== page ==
Foodtech

How This Poster Boy of Foodtech Kept the Hunger Game Alive

This company is now focussing only on its positives
How This Poster Boy of Foodtech Kept the Hunger Game Alive
Image credit: Entrepreneur India
Deputy Editor, Entrepreneur India Magazine
5 min read
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Last two years have not been the best time for the Zomato Founder and CEO Deepinder Goyal. From being the most loved company in foodtech to receiving flak, he has risen above all this to conquer it all again.

Soon after its inception, Zomato immediately became the poster boy of start-ups. Though the ball bounced high from the floor, the sooner it came down. There were murmurs doing the rounds about Zomato.

Words spread that they were finding it hard to raise funds and having a tough time to sustain. Goyal shared, “Nothing was wrong with us in general. It’s just that there were few things that went wrong. We were expanding in overseas and we were doing that very fast, which needed a lot of cash. Suddenly the market dried up. So we had to shut down a few markets.”

Talking about the developments in last two years, Goyal cautioned, “I think all the noise about foodtech not doing well is actually a noise. If 400 companies get funded in the foodtech space, not all of them can survive. At the end of the day, it’s a two-three player market.”

When asked if he lost sight of the little details, Goyal averred, “I think all big things are a sum total of small things. Strategy is more about the execution at large. So you have to actually execute all the little things until it takes a shape.”

On how Goyal as the founder and Zomato as an organization grew in the last two years, Goyal affirmed, “From operating things in extremes v/s doing things in moderation is what has changed. Tracking whether you are doing fine or whether you are successful, these are two different things. So I think those were the biggest changes in the organisation.”

While earning a lot of flak, the people in the orgnasation do get affected. Goyal admitted, “There are some people who would get affected by such things. And at the end, people who matter to the organisation are the ones who don’t get affected.”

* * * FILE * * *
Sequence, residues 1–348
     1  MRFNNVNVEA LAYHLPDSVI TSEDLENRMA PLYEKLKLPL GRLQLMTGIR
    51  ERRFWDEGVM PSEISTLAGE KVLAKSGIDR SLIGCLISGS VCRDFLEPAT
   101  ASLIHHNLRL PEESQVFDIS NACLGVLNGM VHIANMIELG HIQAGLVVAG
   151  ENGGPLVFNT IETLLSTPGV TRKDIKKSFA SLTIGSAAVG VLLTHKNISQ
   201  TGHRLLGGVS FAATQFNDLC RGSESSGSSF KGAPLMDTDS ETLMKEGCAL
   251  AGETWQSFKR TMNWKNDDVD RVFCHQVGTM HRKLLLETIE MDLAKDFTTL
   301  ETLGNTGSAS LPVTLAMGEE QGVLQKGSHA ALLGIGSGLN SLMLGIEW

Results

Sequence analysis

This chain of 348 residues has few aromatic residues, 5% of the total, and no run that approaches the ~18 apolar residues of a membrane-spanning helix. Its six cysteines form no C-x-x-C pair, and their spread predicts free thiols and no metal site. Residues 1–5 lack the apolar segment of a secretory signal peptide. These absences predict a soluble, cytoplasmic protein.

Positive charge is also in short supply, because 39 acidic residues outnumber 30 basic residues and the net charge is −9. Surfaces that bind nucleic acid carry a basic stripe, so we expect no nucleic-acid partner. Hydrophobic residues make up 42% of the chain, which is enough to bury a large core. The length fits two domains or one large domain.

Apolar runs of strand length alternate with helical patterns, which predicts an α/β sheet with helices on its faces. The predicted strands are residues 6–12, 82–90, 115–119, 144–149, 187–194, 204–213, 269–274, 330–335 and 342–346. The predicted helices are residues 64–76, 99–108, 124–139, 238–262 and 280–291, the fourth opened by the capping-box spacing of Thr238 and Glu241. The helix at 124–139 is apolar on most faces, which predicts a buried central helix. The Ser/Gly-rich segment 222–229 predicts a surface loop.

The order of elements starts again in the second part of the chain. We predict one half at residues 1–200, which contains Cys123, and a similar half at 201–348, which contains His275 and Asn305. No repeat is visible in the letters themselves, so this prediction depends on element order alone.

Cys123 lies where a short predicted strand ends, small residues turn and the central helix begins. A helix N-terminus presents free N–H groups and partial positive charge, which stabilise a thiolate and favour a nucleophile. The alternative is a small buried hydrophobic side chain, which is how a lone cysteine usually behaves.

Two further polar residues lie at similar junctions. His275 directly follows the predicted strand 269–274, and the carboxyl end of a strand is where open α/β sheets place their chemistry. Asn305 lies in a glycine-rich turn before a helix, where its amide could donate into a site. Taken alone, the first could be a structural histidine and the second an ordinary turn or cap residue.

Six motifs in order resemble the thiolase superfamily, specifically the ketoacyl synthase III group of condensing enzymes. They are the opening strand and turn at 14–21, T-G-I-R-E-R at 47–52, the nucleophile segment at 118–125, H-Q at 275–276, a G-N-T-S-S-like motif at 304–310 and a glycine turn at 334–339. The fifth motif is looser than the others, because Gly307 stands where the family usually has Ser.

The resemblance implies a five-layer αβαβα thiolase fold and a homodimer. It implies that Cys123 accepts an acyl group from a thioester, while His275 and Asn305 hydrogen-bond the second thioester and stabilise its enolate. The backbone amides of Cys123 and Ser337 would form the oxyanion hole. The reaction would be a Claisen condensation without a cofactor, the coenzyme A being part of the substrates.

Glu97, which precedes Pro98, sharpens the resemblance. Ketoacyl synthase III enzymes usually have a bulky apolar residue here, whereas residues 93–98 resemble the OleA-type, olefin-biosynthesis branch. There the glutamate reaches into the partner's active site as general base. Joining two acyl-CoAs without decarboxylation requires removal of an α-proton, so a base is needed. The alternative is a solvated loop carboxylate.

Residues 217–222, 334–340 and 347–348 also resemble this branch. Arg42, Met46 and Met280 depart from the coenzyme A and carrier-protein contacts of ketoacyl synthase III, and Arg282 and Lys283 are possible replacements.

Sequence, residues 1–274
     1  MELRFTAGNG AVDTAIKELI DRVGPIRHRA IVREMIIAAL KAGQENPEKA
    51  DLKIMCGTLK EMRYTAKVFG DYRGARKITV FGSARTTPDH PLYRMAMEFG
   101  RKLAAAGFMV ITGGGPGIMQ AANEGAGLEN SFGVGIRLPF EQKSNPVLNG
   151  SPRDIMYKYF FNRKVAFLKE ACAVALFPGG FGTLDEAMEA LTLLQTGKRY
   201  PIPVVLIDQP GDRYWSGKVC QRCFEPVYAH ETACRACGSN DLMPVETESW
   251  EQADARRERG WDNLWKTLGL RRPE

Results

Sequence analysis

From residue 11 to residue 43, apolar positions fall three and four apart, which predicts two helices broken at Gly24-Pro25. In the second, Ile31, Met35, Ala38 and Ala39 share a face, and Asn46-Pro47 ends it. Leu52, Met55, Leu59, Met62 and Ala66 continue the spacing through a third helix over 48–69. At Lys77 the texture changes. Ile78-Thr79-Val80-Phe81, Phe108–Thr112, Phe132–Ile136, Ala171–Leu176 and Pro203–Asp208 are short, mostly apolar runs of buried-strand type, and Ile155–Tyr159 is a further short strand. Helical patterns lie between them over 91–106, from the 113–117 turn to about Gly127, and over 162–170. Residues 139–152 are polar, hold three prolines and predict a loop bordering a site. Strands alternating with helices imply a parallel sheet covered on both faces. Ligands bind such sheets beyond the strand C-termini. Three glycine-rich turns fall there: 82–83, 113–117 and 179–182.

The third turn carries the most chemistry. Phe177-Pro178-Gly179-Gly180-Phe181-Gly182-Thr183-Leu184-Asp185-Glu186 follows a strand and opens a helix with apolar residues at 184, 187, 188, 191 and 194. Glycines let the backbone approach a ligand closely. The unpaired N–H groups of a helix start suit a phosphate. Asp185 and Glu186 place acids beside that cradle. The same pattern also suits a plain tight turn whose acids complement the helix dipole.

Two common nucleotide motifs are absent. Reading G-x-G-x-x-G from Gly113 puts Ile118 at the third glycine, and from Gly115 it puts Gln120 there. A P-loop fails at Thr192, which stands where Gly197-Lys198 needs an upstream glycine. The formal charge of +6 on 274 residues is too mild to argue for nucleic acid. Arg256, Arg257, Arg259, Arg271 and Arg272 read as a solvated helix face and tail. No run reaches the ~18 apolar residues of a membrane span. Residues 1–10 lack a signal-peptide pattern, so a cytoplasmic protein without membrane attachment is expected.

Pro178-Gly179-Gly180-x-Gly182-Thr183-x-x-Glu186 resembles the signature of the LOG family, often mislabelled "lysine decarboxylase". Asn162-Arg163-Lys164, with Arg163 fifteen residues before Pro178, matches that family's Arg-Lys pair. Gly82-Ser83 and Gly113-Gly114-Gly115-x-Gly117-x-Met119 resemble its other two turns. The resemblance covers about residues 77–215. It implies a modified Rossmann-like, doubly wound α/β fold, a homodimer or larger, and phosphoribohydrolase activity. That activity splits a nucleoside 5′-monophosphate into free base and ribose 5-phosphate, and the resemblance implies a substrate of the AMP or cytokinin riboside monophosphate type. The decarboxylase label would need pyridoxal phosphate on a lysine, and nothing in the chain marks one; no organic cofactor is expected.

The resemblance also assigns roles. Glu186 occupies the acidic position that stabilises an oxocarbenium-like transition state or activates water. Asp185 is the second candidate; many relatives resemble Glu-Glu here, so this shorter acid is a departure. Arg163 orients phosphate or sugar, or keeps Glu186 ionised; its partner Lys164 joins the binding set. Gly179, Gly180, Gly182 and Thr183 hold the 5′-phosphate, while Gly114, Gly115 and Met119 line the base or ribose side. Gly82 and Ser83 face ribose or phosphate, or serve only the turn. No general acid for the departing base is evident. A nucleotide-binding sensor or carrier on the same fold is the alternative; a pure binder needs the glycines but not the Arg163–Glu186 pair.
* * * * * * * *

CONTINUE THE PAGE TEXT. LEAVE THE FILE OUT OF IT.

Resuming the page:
Goyal said, as an organization they spoke more about its failures but now, they wanted to concentrate on the positives. From the growth and funding perspective, the start-up bubble was about to burst. And, Zomato got affected. The start-up bubble came to a rest and saw corrections in 2016.

May 2016 also saw HSBC slashing the valuation of Zomato to half of its value making it $500 million. Talking about the disagreement he felt, Goyal said, “It was disappointing more than demotivating because it’s like you know nothing about the business.”

When asked if he had clashes with investors, Goyal answered, “There were logical debates and discussions but there were no illogical clashes. No ego battles as such.” “There is no their way or my way. It’s about the right way,” he added.

When Zomato was being repeatedly negatively reported, Goyal spoke to Sanjeev Bikhchandani, Founder of Infoedge, who gave Zomato its seed round in 2010.

His advice was to refrain himself to speak to the media and concentrate on his work. Goyal said, “You cannot change optics just because a sector chose to comment about you and if you are doing well you can stay quiet and share the numbers and that will change the sentiment. When things are low, no matter whatever you speak people will never believe you.”

Goyal further shared, “I stopped reading and we completely started ignoring what the press used to say. Bad times does not matter. I did not read any article about Zomato for about six months.” The last quarter of 2015 saw Zomato laying off 300 people, which amounted to 10 per cent of its team.

The company came out with a clarification at that time that majority of these were from the US and other markets where operations were relatively small. Remembering the layoff period, Goyal averred, “Layoffs were hard. 2015 was tough because I had hired a lot people whom I knew personally. It's extremely painful but you just have to do what you have to," he said.

Talking about the decisions that have gone awry, Goyal admitted, “There are certain things that I did wrong. Maybe the people mistake and the capital allocation, product mistakes, launching in few countries that we should not have, it was wrong timing.” On his learnings as a founder, Goyal said, “I think there are decisions I should have taken. I should have said no to certain things. For example, a couple of country launches should have been stopped.” Answering if Zomato needs another round of funding, Goyal claimed, “We don’t need to. We have 150 weeks of runway right now.”

(This article was first published in the September 2017 issue of Entrepreneur Magazine. To subscribe, click here) 

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